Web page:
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Deitz leaves behind a legacy in WNC

Boyce Deitz coached the Swain County Maroon Devils football team 1977-1997. Swain High School Athletics photo Boyce Deitz coached the Swain County Maroon Devils football team 1977-1997. Swain High School Athletics photo

Boyce Deitz’s influence on Swain County athletics was rich and storied, but the program to which he dedicated two decades of his life summarized the news of his passing in just four words. 

“Our hearts are broken,” read the Dec. 30 Facebook post from Swain High School Athletics, announcing Deitz’s passing earlier that day.

Deitz, 74, was a legendary football coach turned public servant, and he had a reputation as a man of integrity who was a mentor and friend to many.

A Jackson County native, Deitz was an outstanding left guard for the Sylva-Webster football team in the mid-1960s. He served as head football coach in Swain County 1977-1997 and took over the Smoky Mountain High School program in Jackson County 1997-2000. During that time, he compiled an astounding 218-72-2 record, with his record at Swain County High School alone sitting at 201-58-1. Deitz led his teams to three 1A football championships and one 2A state championship. He was chosen as the 1979 Coach of the Year, and the football field at Swain County was named in his honor.

These accomplishments earned him a place in history. In February 2023, he was inducted into the N.C. High School Athletic Association Hall of Fame, following previous inductions into the Western North Carolina, Swain County and Jackson County athletic halls of fame.

However, his accomplishments weren’t limited to athletics. Dedicated to his family, he was a husband, father and grandfather to six grandchildren. Dietz’ civic career began when one of his former football players, Heath Shuler, went on to become a U.S. Congressman. Shuler hired Deitz as his field representative, a role he filled from 2007-2013. During that time, Deitz was instrumental in the construction of the Western N.C. Regional Livestock Center in Canton, which opened in 2011.

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After Shuler left office, Deitz continued his political career by running as a Democrat to represent District 3 on the Jackson County Board of Commissioners. He easily won the 2014 election, earning nearly 55% of the vote to beat out incumbent Doug Cody. He was re-elected in 2018 before suffering a narrow loss to John Smith in 2022.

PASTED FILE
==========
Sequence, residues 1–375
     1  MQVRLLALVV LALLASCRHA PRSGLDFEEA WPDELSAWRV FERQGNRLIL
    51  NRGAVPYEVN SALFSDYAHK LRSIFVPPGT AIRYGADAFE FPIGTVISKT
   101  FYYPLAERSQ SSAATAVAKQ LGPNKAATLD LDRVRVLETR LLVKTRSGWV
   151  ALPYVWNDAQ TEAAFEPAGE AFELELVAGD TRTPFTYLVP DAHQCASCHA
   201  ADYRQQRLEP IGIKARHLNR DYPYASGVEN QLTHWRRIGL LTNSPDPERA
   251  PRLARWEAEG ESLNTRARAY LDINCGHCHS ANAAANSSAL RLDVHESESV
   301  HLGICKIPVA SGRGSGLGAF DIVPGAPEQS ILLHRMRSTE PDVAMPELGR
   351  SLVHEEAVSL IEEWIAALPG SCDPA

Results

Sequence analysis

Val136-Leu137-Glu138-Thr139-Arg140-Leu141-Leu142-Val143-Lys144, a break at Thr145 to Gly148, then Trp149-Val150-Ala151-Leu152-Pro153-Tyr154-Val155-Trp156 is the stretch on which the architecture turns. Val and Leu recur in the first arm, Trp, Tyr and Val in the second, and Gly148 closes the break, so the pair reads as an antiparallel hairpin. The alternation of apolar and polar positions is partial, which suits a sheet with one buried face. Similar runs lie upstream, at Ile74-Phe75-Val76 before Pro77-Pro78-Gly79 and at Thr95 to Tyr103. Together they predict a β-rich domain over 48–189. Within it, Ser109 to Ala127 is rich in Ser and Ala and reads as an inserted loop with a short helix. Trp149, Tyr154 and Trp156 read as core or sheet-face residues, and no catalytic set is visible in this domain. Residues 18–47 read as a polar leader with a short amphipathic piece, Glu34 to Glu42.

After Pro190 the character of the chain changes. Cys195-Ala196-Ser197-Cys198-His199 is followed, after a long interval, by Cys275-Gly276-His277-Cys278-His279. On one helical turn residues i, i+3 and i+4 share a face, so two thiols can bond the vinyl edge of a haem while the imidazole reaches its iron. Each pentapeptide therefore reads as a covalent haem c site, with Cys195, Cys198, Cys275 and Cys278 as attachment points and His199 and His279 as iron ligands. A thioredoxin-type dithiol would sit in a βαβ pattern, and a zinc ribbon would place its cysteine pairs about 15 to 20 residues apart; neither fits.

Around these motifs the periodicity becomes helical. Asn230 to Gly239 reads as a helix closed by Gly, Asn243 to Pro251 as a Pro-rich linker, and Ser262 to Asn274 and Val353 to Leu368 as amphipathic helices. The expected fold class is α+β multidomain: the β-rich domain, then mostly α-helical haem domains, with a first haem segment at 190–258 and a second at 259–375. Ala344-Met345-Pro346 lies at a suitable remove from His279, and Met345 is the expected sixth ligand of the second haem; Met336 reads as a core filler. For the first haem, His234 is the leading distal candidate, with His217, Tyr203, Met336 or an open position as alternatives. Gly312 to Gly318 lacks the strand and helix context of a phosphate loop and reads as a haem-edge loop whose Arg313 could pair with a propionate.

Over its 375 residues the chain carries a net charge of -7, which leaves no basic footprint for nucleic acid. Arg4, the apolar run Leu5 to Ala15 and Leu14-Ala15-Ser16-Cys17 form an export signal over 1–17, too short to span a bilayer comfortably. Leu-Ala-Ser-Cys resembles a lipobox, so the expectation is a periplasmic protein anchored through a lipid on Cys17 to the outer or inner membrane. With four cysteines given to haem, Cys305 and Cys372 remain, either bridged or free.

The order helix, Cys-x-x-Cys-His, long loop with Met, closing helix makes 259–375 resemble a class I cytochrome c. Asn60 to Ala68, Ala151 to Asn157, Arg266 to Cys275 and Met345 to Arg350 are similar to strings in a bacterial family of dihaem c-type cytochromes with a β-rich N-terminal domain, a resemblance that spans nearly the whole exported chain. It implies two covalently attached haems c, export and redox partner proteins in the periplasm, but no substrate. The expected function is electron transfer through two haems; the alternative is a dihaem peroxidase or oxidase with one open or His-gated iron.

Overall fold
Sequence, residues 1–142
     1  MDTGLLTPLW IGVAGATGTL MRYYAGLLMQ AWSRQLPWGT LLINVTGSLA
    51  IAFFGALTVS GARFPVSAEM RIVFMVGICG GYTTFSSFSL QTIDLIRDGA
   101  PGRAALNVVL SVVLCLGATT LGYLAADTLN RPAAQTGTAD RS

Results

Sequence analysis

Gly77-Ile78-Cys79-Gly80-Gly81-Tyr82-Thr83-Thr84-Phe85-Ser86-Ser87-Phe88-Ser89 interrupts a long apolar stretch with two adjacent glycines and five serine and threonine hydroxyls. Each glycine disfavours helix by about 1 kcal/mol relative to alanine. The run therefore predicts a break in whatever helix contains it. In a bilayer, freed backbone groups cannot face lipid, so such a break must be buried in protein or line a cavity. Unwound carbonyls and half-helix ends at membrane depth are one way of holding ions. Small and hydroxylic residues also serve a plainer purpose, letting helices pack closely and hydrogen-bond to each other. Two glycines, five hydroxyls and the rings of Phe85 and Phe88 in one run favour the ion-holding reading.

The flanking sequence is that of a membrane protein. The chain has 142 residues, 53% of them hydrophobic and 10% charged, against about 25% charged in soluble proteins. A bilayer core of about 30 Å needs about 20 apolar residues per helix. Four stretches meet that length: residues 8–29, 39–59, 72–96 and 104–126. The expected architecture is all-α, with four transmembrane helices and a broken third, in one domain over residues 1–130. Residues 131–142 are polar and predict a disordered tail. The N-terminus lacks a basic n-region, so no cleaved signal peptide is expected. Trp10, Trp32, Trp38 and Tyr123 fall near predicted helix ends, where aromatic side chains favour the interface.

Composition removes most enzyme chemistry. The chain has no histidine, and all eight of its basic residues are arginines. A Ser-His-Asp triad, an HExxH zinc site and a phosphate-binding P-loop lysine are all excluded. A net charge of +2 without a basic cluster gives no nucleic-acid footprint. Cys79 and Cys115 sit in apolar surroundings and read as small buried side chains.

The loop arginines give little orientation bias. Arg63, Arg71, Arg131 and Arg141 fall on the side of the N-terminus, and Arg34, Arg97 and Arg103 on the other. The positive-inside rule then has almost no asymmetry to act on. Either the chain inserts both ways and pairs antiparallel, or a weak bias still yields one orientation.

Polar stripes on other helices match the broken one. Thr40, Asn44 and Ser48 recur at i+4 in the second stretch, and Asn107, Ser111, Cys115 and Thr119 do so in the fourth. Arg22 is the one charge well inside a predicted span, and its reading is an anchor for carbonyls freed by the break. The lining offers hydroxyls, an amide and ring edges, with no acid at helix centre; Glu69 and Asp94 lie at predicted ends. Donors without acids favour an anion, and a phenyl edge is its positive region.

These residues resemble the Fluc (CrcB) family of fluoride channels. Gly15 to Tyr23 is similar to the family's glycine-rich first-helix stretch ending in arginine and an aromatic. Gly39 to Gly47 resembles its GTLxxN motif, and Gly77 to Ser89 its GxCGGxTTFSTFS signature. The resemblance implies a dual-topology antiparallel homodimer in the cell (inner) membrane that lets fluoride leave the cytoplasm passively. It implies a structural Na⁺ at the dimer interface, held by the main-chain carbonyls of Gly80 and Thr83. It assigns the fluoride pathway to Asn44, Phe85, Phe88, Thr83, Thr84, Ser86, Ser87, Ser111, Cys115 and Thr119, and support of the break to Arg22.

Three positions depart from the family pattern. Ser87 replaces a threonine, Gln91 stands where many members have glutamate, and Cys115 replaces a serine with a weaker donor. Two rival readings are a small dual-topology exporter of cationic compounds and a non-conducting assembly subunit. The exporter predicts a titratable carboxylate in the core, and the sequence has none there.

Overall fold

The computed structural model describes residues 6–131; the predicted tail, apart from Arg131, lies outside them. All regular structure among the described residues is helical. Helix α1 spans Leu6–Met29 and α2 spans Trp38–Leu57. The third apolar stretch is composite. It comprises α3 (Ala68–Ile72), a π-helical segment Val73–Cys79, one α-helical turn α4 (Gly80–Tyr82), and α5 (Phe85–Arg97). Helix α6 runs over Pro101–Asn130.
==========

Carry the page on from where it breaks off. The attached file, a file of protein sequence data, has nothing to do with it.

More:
During his time on the board, Deitz was known for his thoughtful questions, careful stewardship of county tax dollars and respect for those he governed.

“I spent my whole life coaching and teaching, and people tell me you can’t do something, and someway when someone tells you it absolutely can’t be done there’s probably a way to do it,” Deitz said. He spoke during a 2016 board discussion about remodeling the Justice Center, but the sentiment echoed throughout his life.

News of Deitz’s passing elicited condolences and warm remembrances from across the region. In a statement, Eastern Band of Cherokee Indians Principal Chief Michell Hicks said Deitz “leaves behind an indelible legacy marked by his mentorship and guidance” of student-athletes across the region, including tribal members, and that his work under Schuler had “profound impacts for our tribe.” The Jackson County Democrats wrote that Jackson County and WNC “lost a giant” with Deitz’s death, calling him “a leader of young men for generations, advocate for the citizens of his community and an example of leadership for us all.” Swain County High School Athletics remembered him as a “coach, mentor, advisor, patriarch and friend” who was a “larger than life legend that shaped the lives of countless young people.”

In a Facebook post, Travis Hyatt, a former Swain County Board of Education members and current assistant football coach at Swain High School, said that throughout his life he experienced Deitz as a tough coach, valued mentor and close friend.

“Coach Deitz was a man of integrity and turned many boys from Swain County into the honest and hardworking men they are today,” Hyatt wrote, “and I can say without a doubt that he played a huge part in me becoming the man I am today. Playing football for him as a coach was not for the faint of heart. He set high standards, meant what he said and said what he meant, and held every single player on his team accountable for their actions. He earned respect by living by the lessons he preached.”

A celebration of life will be held at 1 p.m. Thursday, Jan. 4, on the Boyce Deitz Field at Swain County Memorial Stadium in Bryson City, followed by a reception at the Swain County Gymnasium. Former players and people who coached with Deitz are asked to meet at the field house gate before 1 p.m. to walk out on the field before the family.

An obituary will be posted at when available.

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